Jug Suraiya has a good funny piece which is actually a serious piece of advice to our govt. He says by naming our public services, roads etc on popular (read political) icons, we actually do latter a disservice. Given such deplorable state of such services, it gives these popular names a bad name really.
So instead we should name them after our villains:
The BJP government is all set to put its stamp, literally, on what it sees as the end of the Congress era. While it may not ever be able to live up to its pre-election pledge of making India ‘Congress free’ it is proposing to make the Indian postal service shed its Congress associations.
Postage stamps depicting Jawaharlal Nehru, Indira Gandhi and Rajiv Gandhi will soon yield place to stamps featuring anti-Congress personalities like Ram Manohar Lohia, Deen Dayal Upadhyay and Jai Prakash Narayan, besides cultural icons such as Rabindranath Tagore and Pandit Ravi Shankar.
Like a lot of ideologically-motivated schemes, however, the postal ploy might well backfire. For such is the dismal state of the Indian postal service — which might more aptly be called ‘disservice’, in that it’s discontinued several of its ancillaries, the telegraphic department perhaps being the most notable of these — that it is something of a dubious honour to be pictorially associated with it. The term ‘post-haste’, to denote speed of despatch, has become ‘post-late’, with the moribund postal system largely replaced by private courier companies.
Indeed, most such attempts to pay homage to eminent people by lending their faces and names to public display in the form of statues, roads and parks end up doing exactly the opposite of what they are meant to do.
Statues erected to commemorate netas are inevitably targeted by vandals who use their pedestals to exercise the art of graffiti (‘Rakesh heart Rinku’) and pigeons who bombard them with poop with unerring accuracy.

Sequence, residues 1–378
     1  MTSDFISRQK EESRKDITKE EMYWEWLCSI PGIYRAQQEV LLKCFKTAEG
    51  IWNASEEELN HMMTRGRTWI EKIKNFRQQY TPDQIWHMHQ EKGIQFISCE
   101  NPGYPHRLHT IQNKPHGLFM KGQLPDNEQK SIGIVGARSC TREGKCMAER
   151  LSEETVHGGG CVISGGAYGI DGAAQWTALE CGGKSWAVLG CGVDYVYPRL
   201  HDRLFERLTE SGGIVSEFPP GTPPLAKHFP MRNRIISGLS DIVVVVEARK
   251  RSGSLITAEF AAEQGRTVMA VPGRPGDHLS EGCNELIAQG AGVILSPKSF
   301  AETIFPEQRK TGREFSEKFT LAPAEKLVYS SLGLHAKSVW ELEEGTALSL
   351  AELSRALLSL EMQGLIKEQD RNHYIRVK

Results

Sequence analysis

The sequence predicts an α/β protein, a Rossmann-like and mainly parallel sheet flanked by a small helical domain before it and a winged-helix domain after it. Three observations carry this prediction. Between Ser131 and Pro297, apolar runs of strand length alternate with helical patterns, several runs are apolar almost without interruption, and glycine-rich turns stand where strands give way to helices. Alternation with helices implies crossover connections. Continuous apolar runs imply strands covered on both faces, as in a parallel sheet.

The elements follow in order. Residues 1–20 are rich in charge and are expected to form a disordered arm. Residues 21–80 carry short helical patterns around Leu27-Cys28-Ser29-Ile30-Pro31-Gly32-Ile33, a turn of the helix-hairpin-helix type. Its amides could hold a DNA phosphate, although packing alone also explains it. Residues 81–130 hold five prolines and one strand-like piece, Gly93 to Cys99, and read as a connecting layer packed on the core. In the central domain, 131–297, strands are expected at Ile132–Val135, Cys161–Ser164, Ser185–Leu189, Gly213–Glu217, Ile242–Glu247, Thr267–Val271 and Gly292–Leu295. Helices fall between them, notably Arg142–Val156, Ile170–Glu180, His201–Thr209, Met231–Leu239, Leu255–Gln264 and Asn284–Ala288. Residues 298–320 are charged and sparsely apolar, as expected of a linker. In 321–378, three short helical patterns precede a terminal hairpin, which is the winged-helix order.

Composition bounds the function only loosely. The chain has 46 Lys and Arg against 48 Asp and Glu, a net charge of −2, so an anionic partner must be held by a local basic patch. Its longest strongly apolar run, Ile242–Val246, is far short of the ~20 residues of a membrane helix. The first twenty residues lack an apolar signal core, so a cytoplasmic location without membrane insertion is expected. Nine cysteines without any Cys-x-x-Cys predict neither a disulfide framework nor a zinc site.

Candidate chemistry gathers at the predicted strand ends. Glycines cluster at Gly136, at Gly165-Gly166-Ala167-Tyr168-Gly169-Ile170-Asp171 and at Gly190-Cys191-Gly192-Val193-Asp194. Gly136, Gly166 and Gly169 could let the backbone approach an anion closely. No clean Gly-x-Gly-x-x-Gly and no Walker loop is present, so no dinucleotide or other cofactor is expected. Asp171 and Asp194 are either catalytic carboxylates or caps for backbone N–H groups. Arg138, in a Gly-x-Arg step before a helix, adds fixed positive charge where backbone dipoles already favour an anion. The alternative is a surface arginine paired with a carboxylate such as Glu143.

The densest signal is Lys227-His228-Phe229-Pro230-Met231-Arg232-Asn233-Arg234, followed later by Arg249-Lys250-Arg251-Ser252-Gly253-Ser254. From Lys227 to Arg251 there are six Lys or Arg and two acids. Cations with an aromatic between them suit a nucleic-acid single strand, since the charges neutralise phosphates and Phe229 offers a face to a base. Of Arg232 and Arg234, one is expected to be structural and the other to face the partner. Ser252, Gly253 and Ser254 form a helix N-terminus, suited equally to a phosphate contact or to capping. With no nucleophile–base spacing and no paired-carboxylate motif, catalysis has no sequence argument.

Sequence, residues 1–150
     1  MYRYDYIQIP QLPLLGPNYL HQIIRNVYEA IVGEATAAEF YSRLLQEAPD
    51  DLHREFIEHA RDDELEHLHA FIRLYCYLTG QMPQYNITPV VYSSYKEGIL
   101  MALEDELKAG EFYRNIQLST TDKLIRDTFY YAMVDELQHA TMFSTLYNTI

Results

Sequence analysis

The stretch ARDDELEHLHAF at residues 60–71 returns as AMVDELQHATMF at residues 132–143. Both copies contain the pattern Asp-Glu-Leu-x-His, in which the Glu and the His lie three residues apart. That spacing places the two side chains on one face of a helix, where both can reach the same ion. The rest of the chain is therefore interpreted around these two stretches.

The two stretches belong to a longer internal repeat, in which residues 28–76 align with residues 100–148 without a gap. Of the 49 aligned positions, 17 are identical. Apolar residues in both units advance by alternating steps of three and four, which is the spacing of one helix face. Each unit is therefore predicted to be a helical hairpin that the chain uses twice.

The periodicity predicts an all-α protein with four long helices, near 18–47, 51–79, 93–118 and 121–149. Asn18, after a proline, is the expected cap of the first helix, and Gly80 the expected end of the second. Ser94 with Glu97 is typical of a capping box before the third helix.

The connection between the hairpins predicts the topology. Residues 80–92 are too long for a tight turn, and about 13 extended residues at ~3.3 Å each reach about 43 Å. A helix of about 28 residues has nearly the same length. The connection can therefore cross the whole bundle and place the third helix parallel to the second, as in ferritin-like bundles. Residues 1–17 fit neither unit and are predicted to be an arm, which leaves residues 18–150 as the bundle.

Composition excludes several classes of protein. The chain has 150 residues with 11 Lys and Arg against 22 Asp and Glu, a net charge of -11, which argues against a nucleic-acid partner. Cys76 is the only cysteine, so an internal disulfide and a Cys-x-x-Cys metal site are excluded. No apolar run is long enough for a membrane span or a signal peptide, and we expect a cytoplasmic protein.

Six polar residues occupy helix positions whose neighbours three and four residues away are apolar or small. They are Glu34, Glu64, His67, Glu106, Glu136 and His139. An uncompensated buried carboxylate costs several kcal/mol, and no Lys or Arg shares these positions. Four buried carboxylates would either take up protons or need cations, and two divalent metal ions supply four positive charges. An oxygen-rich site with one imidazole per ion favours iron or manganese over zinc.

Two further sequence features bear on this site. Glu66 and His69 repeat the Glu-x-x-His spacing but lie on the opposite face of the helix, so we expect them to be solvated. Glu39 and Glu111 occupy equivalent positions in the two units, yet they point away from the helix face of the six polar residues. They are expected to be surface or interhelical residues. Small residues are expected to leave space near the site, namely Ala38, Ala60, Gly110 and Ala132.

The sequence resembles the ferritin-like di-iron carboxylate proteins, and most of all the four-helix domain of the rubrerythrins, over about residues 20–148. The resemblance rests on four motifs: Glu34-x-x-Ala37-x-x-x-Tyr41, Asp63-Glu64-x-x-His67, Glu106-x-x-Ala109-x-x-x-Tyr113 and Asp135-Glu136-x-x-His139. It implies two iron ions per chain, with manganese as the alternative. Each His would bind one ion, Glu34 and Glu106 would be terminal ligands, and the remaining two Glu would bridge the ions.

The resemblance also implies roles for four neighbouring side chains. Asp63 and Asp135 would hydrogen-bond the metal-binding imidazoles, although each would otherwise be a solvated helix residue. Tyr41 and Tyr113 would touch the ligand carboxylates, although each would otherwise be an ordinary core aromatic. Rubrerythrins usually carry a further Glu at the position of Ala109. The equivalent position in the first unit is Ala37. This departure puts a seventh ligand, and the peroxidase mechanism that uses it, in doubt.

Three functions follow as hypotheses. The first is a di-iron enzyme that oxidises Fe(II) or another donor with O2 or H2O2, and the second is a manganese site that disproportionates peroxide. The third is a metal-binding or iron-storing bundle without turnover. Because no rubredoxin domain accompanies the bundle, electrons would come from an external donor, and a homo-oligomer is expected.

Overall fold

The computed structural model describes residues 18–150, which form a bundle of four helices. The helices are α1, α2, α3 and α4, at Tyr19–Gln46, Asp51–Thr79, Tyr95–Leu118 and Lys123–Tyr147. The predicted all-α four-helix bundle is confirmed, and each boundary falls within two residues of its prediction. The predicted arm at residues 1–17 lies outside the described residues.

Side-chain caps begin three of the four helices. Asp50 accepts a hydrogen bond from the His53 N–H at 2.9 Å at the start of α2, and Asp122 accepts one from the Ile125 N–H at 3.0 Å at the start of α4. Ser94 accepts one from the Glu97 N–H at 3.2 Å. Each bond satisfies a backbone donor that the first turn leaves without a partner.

Similarly, the deplorable states of our garbage-strewn parks and potholed roads on which cattle amble at will do less than justice — in fact do gross injustice — to the legacy of the illustrious people they are named after.
The entire policy of using our shamefully rundown public services and facilities to commemorate our heroes should be turned upside down. It would be far more appropriate if our shambolic public amenities – from the practically non-existent postal system to the traffic-snarled travesties we call roads — were instead named after villains and disreputable scallywags.
Lalit Modi Marg, anyone? Sushmaji could be invited to inaugurate it.
Perhaps let the name Aurangzeb road continue (though there are disputes over how much of a villain he was)..
It could actually be a great nudge as well. People will be be more cautious travelling on our roads hopefully leading to lesser accidents (it is amazing how we continue to have accidents despite such low speeds). It might save us from expenditure on all those road signs for speed control, speedbreakers and so on.